M-RCBG Senior Fellow-Led Study Group: Ted Truman
Tuesday, September 21, 4:00-5:30pm
Bell Hall (B-500)
Note: current restrictions allow only those with an HUID to enter the buildings and attend the session
This study group will explore the future of the International Monetary Fund's (IMF) Special Drawing Right (SDR). The SDR instrument was established in 1969 to reinforce the Bretton Woods international monetary system. IMF members agreed to issue SDR on the eve of the collapse of the Bretton Woods system in 1971 and again in the late 1970s. For the next three decades the SDR was in deep freeze. In response to the global financial crisis in 2009, the IMF issued $250 billion SDR. In response to the corona virus pandemic, the IMF issued another $650 billion SDR. This study group will briefly review history of the SDR, summarize arguments for and against issuing SDRs put forth over the past 50 years, and outline proposals to enhance the attractiveness of SDR allocations in the future.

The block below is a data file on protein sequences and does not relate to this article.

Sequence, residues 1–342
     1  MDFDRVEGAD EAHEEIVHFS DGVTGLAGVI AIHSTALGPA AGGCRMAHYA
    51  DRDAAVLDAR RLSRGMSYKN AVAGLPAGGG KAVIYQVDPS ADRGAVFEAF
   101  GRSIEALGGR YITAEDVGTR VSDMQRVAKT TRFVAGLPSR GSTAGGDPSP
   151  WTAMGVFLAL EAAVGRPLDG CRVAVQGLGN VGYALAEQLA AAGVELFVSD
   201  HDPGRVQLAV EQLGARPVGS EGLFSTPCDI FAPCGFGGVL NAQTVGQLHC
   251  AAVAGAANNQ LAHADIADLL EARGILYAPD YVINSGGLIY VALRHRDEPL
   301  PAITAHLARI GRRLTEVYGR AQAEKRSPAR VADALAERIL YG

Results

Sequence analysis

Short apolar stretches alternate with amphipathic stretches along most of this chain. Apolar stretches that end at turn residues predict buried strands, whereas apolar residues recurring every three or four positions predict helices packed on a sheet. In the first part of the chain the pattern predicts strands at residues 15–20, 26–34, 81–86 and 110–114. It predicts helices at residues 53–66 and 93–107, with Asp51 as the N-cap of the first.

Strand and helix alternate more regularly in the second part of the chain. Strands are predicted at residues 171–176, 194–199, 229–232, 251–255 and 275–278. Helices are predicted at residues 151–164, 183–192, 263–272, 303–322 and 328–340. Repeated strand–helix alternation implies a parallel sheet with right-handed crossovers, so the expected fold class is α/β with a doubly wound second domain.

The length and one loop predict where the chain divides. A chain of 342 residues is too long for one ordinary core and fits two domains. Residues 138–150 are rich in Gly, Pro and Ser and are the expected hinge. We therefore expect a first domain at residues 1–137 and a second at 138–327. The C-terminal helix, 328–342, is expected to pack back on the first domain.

Edwin (Ted) M. Truman was a senior fellow at the Peterson Institute for International Economics (PIIE) from 2001 until December 31, 2020. In 2013 he became a non-resident senior fellow. Before joining PIIE, he was assistant secretary for international affairs at the U.S. Treasury from 1998 to January 2001. He returned to the Treasury as counselor to the secretary from March 2009 to May 2009. Prior to his service at the Treasury, he was director of the division of international finance at the Board of Governors of the Federal Reserve System from June 1977 until October 1998 and economist on the Federal Open Market Committee (1983 to 1998). He joined the staff of the Federal Reserve in 1972 while on leave from Yale University where he was on the faculty of the economics department (1967 to 1974). He received his PhD in economics from Yale in 1967, his B.A. from Amherst College in 1963, and an honorary L.L.D. from Amherst in 1988. He is an international macro-economist having published on international economic policy coordination, international financial crises, exchange rates, sovereign wealth funds, anti-money laundering, inflation targeting, the International Monetary Fund, and European economic integration. In addition to teaching at Yale, he taught off and on at Amherst College and Williams College (2006 to 2018). He served on numerous international working groups and as an alternate member of the Board of Directors of the Bank for International Settlements (1994 to 1998). As a senior fellow at M-BCBG, he will continue his research on the international coordination of economic policies. His faculty sponsor is Robert Lawrence, Albert L. Williams Professor of International Trade and Investment, Harvard Kennedy School. Email: email@example.com